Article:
We must encourage those you love to become vaccinated.  Vaccine is the only way to put this pandemic behind us!

I am not an expert in public health and infectious disease.  
I do agree with Dr. Juthani from Yale Medicine:
“We have been doing the best we can with the knowledge we have, in the time that we have it,” Dr. Juthani says. “I think most of us have had to have the humility to sometimes say, ‘I don't know. We're learning as we go.’

From Yale Medicine:

The COVID-19 pandemic changed life as we know it—and it may have changed us individually as well, from our morning routines to our life goals and priorities. Many say the world has changed forever. But this coming year, if the vaccines drive down infections and variants are kept at bay, life could return to some form of normal. At that point, what will we glean from the past year? Are there silver linings or lessons learned?

Humanity's memory is short, and what is not ever-present fades quickly,” says Manisha Juthani, MD, a Yale Medicine infectious diseases specialist. The bubonic plague, for example, ravaged Europe in the Middle Ages—resurfacing again and again—but once it was under control, people started to forget about it, she says. “So, I would say one major lesson from a public health or infectious disease perspective is that it’s important to remember and recognize our history. This is a period we must remember.”

We asked our Yale Medicine experts to weigh in on what they think are lessons worth remembering, including those that might help us survive a future virus or nurture a resilience that could help with life in general.  
Lesson 1: Masks are useful tools
What happened: The Centers for Disease Control and Prevention (CDC) recently relaxed its masking guidance for those who have been fully vaccinated. But when the pandemic began, it necessitated a global effort to ensure that everyone practiced behaviors to keep themselves healthy and safe—and keep others healthy as well. This included the widespread wearing of masks indoors and outside.


What we’ve learned: Not everyone practiced preventive measures such as mask wearing, maintaining a 6-foot distance, and washing hands frequently. But, Dr. Juthani says, “I do think many people have learned a whole lot about respiratory pathogens and viruses, and how they spread from one person to another, and that sort of old-school common sense—you know, if you don’t feel well—whether it’s COVID-19 or not—you don’t go to the party. You stay home.”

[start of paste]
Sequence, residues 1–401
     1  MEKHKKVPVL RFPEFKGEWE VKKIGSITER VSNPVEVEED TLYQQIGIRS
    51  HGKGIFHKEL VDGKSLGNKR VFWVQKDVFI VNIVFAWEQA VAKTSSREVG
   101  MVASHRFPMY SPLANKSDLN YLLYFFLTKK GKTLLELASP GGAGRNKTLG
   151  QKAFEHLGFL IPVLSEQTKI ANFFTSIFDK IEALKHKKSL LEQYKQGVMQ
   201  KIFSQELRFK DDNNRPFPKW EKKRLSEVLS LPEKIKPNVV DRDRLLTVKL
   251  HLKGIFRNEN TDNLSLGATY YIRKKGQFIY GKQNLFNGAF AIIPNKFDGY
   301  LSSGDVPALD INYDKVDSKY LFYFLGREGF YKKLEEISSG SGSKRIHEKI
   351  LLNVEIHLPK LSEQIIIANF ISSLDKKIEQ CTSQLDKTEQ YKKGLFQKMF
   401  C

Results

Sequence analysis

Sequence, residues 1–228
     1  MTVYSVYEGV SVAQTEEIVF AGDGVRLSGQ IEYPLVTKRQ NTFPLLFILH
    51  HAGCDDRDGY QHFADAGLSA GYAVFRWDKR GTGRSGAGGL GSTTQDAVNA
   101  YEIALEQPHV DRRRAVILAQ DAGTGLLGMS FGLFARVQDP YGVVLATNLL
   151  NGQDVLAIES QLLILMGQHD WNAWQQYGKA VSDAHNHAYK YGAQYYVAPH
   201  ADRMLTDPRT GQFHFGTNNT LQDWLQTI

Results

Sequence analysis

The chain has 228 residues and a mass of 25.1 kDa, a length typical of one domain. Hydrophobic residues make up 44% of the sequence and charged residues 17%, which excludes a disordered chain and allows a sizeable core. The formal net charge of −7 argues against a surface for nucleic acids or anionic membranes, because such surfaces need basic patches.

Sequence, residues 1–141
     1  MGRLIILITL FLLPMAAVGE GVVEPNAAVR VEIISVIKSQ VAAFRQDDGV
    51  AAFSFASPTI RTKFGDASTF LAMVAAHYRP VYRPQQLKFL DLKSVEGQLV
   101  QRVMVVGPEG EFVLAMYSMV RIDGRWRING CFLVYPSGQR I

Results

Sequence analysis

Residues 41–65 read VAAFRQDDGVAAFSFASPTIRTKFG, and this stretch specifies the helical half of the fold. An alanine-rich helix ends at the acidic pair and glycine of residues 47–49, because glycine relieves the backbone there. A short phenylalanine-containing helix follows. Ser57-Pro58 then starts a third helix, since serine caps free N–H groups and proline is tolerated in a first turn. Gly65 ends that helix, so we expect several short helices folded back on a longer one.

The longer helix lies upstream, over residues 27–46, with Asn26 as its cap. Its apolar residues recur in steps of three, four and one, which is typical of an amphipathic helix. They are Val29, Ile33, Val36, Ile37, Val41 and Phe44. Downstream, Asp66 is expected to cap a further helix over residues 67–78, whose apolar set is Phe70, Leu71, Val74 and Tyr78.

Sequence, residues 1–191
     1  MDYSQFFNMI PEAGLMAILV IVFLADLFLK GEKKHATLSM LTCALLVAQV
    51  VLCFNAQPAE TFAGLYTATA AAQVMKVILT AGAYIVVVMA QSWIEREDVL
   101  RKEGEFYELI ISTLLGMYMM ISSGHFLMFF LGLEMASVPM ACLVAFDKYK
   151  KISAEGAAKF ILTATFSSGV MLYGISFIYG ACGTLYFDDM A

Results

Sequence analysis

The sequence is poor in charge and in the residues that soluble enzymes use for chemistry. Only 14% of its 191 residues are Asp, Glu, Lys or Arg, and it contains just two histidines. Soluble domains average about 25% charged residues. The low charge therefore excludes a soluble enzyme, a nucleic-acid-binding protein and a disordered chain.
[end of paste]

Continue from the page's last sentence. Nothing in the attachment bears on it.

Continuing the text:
Masks are a case in point. They are a key COVID-19 prevention strategy because they provide a barrier that can keep respiratory droplets from spreading. Mask-wearing became more common across East Asia after the 2003 SARS outbreak in that part of the world. “There are many East Asian cultures where the practice is still that if you have a cold or a runny nose, you put on a mask,” Dr. Juthani says.

She hopes attitudes in the U.S. will shift in that direction after COVID-19. “I have heard from a number of people who are amazed that we've had no flu this year—and they know masks are one of the reasons,” she says. “They’ve told me, ‘When the winter comes around, if I'm going out to the grocery store, I may just put on a mask.’” 

Lesson 2: Telehealth might become the new normal

What happened: Doctors and patients who have used telehealth (technology that allows them to conduct medical care remotely), found it can work well for certain appointments, ranging from cardiology check-ups to therapy for a mental health condition. Many patients who needed a medical test have also discovered it may be possible to substitute a home version.

What we’ve learned: While there are still problems for which you need to see a doctor in person, the pandemic introduced a new urgency to what had been a gradual switchover to platforms like Zoom for remote patient visits. 

More doctors also encouraged patients to track their blood pressure at home, and to use at-home equipment for such purposes as diagnosing sleep apnea and even testing for colon cancer. Doctors also can fine-tune cochlear implants remotely.